By Clemente Lisi – NEW YORK, NY (July 26, 2012) US Soccer Players -- Former goalkeeper Mike Ammann is a big believer in giving back. Forced into early retirement back in 2001, Ammann stayed away from the game for a few years. But Ammann’s love for soccer was too strong. That’s when he decided to use his 15-year experience in professional soccer to try and help budding goalies attain the tools they need by opening the Twenty-Four Seven Goalkeeper academy in Virginia.
“My oldest son is a goalkeeper and I wanted to make sure he was getting properly trained as much as possible and it has lead to us working with a lot of promising boys and girls in Virginia,” he said. “I really enjoy passing on my experiences and watching them achieve their goals. It really is great as we have a lot of different levels and they each have different aspirations.”
How Ammann, 41, began his own goalkeeping career was a fluke. At age 14, he volunteered to start in net after a teammate failed to show up to a game.
“The coach asked who wanted to play and I raised my hand,” he recalled. “I had watched enough of my brother as a goalkeeper so I figured I could do it. I made some saves in that game and it was enough for me to catch the bug.”
Ammann would go on to have a successful college career at Cal State-Fullerton. In 1993, the Titans reached the Final Four. If that appeared to be a huge feat, what would happen to Ammann a year later was even bigger. That’s when he received a phone call from Mike Stevens, the director of Charlton Athletic. Stevens had spotted Ammann at the Final Four and offered him a training stint with the English club.
“I was invited for a trial in England. They had a goalkeeper, Bob Boulder, retiring and needed another goalkeeper,” he said. “I played in two reserve games against Luton and QPR and trained there for two weeks. They saw enough to offer me a two-year contract.”
Once 1996 rolled around, the creation of Major League Soccer lured Ammann back home. A homesick Ammann signed with the then-Kansas City Wiz late in the 1996 season.
“It’s very easy to look back and say that I should have stayed in England, but at the time it was the right decision for me to make,” he said. “I wish I was more mature and had more experience at that time as that would have played more into my decision. England was my first experience away from home and I didn’t realize the opportunity that I was presented.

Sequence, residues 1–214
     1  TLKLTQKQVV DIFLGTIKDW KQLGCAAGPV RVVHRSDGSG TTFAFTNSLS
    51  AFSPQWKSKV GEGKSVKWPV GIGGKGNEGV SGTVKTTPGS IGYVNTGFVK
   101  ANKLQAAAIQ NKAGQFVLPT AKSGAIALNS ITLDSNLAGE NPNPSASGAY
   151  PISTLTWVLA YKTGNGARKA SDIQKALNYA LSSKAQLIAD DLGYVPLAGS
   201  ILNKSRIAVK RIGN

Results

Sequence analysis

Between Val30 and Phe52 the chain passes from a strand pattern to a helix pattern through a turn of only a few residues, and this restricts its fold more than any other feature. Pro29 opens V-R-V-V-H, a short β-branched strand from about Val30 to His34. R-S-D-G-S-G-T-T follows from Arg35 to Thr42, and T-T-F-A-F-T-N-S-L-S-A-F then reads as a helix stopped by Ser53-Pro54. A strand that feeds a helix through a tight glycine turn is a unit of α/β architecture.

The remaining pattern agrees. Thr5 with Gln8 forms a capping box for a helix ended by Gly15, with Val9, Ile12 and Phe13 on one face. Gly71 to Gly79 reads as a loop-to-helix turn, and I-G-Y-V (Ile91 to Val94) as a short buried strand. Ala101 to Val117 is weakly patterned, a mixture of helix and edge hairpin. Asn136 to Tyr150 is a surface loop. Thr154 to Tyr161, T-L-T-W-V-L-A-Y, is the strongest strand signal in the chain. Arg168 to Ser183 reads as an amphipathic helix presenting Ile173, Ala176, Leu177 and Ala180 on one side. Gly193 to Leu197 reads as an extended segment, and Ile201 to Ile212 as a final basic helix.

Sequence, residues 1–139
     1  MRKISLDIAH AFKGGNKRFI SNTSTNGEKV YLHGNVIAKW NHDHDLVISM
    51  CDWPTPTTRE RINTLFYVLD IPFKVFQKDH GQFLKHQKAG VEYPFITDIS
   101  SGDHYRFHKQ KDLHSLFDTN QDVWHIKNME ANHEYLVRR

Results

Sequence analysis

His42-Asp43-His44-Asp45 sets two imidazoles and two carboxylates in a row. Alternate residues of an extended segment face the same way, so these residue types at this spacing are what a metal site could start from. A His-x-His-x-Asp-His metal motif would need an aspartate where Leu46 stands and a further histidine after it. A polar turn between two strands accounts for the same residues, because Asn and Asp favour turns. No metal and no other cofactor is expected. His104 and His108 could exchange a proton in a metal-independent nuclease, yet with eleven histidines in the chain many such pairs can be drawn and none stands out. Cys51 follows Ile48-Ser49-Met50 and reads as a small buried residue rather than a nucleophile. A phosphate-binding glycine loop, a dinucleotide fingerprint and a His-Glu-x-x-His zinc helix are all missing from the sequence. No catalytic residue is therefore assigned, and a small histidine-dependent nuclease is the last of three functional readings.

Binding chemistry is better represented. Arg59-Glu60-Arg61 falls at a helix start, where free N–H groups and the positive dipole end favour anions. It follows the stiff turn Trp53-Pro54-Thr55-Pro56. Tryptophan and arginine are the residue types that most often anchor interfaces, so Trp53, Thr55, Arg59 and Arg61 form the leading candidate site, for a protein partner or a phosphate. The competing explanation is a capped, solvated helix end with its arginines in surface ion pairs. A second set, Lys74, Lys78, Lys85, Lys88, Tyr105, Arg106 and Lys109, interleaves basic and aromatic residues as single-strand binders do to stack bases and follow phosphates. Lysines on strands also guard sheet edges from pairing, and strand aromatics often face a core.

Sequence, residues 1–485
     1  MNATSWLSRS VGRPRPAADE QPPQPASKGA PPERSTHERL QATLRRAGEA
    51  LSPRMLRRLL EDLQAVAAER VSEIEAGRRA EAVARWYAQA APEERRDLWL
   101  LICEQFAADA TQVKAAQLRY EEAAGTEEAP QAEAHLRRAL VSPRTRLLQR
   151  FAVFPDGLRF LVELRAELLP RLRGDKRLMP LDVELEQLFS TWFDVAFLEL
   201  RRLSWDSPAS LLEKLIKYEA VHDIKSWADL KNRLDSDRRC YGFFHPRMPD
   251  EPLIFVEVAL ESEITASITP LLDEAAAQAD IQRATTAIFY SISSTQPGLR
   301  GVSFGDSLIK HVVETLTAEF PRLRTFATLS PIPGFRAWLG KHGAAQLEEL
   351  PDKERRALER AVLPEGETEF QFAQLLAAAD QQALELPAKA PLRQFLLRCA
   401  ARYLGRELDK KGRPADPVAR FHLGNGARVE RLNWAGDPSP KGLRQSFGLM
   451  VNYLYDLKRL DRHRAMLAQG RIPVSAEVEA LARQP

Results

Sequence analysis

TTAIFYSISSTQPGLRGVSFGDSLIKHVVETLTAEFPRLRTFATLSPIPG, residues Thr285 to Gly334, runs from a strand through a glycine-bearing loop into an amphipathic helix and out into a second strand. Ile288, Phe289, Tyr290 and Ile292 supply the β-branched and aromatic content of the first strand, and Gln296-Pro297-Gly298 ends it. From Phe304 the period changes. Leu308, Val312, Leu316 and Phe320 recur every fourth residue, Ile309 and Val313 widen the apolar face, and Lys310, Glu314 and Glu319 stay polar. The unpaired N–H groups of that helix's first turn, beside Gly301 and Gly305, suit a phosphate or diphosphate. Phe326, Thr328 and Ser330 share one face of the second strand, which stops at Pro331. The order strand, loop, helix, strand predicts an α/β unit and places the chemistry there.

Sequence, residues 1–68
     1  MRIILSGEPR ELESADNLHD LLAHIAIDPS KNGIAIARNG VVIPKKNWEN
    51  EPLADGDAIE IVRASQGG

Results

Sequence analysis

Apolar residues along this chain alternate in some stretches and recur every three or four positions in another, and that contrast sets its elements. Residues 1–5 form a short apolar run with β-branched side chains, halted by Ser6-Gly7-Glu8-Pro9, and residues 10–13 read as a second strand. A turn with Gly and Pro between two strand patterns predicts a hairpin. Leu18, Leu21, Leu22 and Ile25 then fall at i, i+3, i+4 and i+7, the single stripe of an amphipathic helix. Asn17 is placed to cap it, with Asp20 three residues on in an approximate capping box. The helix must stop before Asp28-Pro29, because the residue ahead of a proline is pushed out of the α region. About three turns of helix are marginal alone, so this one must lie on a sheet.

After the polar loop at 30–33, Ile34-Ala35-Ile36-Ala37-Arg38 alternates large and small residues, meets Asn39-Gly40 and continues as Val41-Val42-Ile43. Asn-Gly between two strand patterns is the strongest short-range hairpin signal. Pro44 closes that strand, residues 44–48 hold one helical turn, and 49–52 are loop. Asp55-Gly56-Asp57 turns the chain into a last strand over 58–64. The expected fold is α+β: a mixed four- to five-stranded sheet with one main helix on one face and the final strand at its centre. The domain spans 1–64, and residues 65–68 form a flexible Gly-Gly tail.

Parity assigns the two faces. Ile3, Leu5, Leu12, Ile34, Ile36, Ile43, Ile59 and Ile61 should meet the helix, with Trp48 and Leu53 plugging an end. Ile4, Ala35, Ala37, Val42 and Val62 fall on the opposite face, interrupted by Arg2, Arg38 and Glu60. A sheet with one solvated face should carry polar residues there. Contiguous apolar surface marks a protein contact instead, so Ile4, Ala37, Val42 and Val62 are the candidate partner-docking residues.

“Times were different back then with technology and communication. I would write a letter to my parents and wife and it would take two weeks before they read it, then write me back. And by the time I got their letter, it was a month later. So needless to say, with Skype and the Internet now, it would make things much easier to be away from home. All in all, I do not regret anything however. (My wife) Gina and I had three kids in three different states and have lived in places and experienced things we probably wouldn’t even have thought about without MLS.”
In 1999, Ammann was traded to the MetroStars. It was in New York where Ammann would go through the best of times and the worst. First came the worst. In 1999, the MetroStars had a horrible season under coach Bora Milutinovic, going 7-25.
“That was definitely a season to forget, but it also helped to learn a lot of lessons. We actually had a very good pre-season in Italy and Mexico that year and Bora got us very organized,” he said. “But I think that is his strength as a coach/manager, preparing a group for a tournament. This is why he had success with many different countries at the World Cup level. The problem was after we started the MLS season, we heard the same message over and over and it seemed like the life was sucked out of the players. I remember the long losing streak we were on and then finally beating Columbus on the road to end it. You would have thought we won the championship in the locker room.”
A year later, the MetroStars and Ammann had turned things around. Ammann made the All-Star team and the Metros went 17-12-3.
“It was like night and day from the previous season. Major changes occurred to the squad and staff and it was a completely different environment,” he remembered. “We started winning games and its very contagious, just the same as losing was in 1999.”
Ammann said the franchise certainly deserved to win an MLS title after the team came close in 2000, losing to the Chicago Fire in the semifinals. He said New York fans have waited long enough and that there is no reason why the Red Bulls can’t win MLS Cup this season.
“They have some great people that support the club and have gone through a lot of different emotions along the way,” he said. “Obviously, I don’t work for the club so I don’t know why certain decisions are made but it seems like they have plenty of money to spend. The lack of funds is typically the biggest hurdle for a successful club and they have put some big names together. But it shows that you cannot just buy a championship unless you have all the pieces in place.”
More from Clemente Lisi: